Kentucky tenants who know their landlords have not repaired a defect had best be careful. According to two Kentucky court rulings, they don’t have a blanket license to sue the landlord if they are injured by the defect.
The rulings came from Kenton Circuit Judge Martin Sheehan, and more recently, the state Court of Appeals. In Brandon True v. Faith Bluegrass Manor Apartment (2010-CA-001784-MR), the appellate court upheld Judge Sheehan in dismissing the tenant’s case. Both courts ruled that there was no question that the tenant knew a railing at his apartment was loose, because the screws were missing, and that the landlord had never repaired it. Nevertheless, the tenant fell through the railing and sued the landlord for his injuries.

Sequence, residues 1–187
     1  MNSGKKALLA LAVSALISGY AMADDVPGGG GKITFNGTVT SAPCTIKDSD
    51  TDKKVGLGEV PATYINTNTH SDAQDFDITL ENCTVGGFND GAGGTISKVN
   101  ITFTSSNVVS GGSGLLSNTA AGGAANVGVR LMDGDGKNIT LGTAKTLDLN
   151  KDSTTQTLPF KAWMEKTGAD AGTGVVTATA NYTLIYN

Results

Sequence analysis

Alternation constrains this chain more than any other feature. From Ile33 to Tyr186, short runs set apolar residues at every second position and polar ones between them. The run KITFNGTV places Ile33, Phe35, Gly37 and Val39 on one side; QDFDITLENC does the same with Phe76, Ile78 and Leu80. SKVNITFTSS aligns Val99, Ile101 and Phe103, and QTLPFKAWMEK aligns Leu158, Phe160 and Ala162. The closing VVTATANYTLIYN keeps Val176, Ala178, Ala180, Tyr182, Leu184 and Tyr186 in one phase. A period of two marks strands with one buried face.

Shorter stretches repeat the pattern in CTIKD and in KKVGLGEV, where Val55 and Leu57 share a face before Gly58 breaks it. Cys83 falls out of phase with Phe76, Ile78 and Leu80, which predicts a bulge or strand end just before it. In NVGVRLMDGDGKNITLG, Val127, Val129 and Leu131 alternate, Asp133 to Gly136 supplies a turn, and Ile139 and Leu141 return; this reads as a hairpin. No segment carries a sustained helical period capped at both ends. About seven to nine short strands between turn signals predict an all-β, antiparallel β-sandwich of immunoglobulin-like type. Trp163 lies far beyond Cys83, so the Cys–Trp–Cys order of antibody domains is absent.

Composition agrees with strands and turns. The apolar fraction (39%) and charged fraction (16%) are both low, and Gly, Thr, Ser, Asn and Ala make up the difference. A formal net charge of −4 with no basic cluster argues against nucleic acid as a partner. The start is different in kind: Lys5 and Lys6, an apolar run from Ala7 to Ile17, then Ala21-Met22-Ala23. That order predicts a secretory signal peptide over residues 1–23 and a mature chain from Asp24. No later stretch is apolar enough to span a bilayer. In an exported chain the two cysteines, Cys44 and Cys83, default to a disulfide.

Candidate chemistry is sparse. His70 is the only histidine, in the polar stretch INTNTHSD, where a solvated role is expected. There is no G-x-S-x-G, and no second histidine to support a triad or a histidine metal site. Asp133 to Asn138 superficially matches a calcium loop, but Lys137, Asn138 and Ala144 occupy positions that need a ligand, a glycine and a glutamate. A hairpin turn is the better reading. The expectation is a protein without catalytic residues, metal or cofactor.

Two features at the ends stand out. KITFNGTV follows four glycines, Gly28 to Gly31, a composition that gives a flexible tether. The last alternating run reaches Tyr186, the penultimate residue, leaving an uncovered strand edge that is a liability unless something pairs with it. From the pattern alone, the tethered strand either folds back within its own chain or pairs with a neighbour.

Both courts ruled that a tenant can recover for negligent repairs only if the repair resulted in an increased danger that was unknown to the tenant, or if the repair gave the deceptive appearance of safety. The Court of Appeals was unanimous in affirming Judge Sheehan.« Back to news